In June 1667, in the later stages of the Second Anglo-Dutch war, the unthinkable happened. The Dutch navy sailed up the river Thames to London. They returned to the Low Countries with a royal prize in tow – the largest ship of the English fleet – the Royal Charles, which had carried Charles II back to England from exile on 23rd May 1660.
War broke out between the two countries in the winter of 1663-4, when an English squadron reached the west coast of Africa, to support the Royal African Company - headed by the king’s brother, the Duke of York, against the Dutch. The squadron took an island north of the Gambia River & Cape Coast castle on the Guinea Coast. The Duke of York & Lord High Admiral had been intriguing for a war with the Dutch for some time & this excursion was the prologue.
War with the Dutch co-religionists was very popular in England, as the Dutch had control of the majority of the spice trade from the east. The first war with the Dutch had been concluded while England was still a Republic & the peace treaty forbad the province of Holland from allowing any member of the House of Orange to be its Stadtholder. The current head of the House of Orange was Charles’ nephew William, whose guardian Charles was.
Charles II attempted to ally England with France, while some of his ministers preferred an alliance with Spain. Neither country wanted to fight the Dutch & England had no inducements sufficient to overcome this inertia. Indeed the French were already party to a commercial & defensive alliance with the Dutch, signed in April 1662. France stood to gain if the English & Dutch weakened themselves in a mutual war. Louis XIV used his influence at the Spanish court to persuade Spain to remain neutral.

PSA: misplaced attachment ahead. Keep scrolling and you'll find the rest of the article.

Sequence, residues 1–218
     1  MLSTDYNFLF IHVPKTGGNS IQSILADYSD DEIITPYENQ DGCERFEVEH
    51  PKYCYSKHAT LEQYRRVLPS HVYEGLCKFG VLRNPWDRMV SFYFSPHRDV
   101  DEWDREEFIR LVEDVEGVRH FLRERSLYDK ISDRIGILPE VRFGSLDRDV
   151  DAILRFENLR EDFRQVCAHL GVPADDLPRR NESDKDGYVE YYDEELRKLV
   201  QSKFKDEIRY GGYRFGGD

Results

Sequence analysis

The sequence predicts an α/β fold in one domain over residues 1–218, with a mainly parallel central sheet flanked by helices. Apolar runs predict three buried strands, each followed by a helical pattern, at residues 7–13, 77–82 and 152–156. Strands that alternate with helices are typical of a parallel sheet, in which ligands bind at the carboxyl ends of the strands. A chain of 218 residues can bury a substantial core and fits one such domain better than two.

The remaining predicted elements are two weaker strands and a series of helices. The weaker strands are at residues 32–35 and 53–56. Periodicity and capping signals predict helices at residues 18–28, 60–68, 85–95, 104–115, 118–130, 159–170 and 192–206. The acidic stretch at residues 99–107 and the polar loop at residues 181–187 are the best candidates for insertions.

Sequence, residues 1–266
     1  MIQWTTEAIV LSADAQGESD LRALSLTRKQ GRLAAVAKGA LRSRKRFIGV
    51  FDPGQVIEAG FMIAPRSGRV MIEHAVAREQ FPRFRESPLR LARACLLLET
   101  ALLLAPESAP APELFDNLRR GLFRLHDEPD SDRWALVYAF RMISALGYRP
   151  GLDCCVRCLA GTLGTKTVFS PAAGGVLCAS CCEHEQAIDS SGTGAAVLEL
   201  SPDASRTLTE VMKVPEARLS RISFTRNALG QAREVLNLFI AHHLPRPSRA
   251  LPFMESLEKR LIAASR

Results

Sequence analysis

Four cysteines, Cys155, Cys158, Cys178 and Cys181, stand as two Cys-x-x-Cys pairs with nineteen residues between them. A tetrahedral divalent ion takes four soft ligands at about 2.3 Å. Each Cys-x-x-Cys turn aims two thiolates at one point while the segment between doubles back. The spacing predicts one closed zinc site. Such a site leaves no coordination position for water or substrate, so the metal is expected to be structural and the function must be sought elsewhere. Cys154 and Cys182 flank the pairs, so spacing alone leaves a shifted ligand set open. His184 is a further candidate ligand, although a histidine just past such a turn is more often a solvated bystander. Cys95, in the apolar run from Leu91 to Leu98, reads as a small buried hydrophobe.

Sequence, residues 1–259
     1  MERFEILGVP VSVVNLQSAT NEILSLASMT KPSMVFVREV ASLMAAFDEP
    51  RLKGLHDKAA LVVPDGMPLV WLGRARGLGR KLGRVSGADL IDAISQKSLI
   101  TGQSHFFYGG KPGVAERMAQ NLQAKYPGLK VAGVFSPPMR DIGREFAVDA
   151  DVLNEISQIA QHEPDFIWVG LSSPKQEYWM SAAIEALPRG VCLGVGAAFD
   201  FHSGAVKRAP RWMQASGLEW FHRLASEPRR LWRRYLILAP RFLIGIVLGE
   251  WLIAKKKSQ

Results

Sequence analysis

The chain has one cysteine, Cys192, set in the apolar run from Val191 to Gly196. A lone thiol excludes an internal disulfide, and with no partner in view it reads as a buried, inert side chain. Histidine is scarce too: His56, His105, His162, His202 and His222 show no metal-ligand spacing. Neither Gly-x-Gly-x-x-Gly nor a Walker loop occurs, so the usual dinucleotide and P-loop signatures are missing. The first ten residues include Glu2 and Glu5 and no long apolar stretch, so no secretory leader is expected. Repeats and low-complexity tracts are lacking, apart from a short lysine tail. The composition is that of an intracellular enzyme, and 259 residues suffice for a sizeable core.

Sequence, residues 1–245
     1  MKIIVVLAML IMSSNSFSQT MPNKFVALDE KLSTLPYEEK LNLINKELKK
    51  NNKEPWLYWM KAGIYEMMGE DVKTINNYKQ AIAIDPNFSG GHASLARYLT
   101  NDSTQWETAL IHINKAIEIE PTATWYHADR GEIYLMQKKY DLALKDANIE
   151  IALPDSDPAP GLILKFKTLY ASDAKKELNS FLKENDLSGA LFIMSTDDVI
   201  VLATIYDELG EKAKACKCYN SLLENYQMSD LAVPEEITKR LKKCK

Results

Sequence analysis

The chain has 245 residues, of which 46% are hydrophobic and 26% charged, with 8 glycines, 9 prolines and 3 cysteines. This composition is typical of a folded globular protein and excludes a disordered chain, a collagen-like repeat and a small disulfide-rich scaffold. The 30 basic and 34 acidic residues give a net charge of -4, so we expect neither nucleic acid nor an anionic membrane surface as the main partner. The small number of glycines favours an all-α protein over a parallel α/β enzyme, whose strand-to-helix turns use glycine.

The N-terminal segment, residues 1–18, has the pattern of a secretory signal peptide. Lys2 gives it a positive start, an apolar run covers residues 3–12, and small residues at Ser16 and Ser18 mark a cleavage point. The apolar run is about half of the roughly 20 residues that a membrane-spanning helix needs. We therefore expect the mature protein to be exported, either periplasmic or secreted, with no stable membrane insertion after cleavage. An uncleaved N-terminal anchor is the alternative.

In June 1664 English ships attacked the Dutch colony in America – the New Netherlands – which was under English control by October. In December the Dutch, under Admiral de Ruyter had taken back control of their African colonies taken the previous winter.
‘At noon to the Change at the Coffee-house, and there heard Sir Rd Ford tell the whole story of our defeat at Guinny – wherein our men are guilty of the most horrid cowardize & perfidiousness, as he says it and tells it, that ever Englishmen were. Capt. Reynolds, that was the only commander of any of the King’s ships there, was shot at by De Ruyter, with a bloody flag flying. He, instead of opposing (which endeed had been to no purpose, but only to maintain honour), did poorly go on board himself to ask what De Ruyter would have; and so yielded to whatever Ruyter would desire. The King & Duke are highly vexed at it.’[i]
In the same month the English navy was ordered to attack the Dutch merchant fleet en route home from Smyrna. The attack near Cadiz in January was a virtual failure as most of the Dutch ships escaped to continue their homeward journey. Only three were captured & one Dutch ship & two English ships sunk.
|Admiral De Ruyter|
The Dutch admiral Opdam lost his life in an engagement off Lowestoft on 13th June 1665 – the worst defeat in Dutch naval history. Twenty five Dutch ships were lost, sixteen of them sunk. But the Dutch fleet returned to the fray a mere two months later. In August 1665 Admiral de Ruyter’s ships were guarding the spice fleet. The fleet took the northerly route home, around Scotland. The King of Denmark agreed to let the English attack the Dutch fleet in harbour at Bergen, in exchange for a share of the spoils. Due to a misunderstanding the Danish harbour forts fired on the English, who retreated with the loss of 400 men killed, including 6 captains. The Danish now joined the anti-English alliance being built up by the Dutch.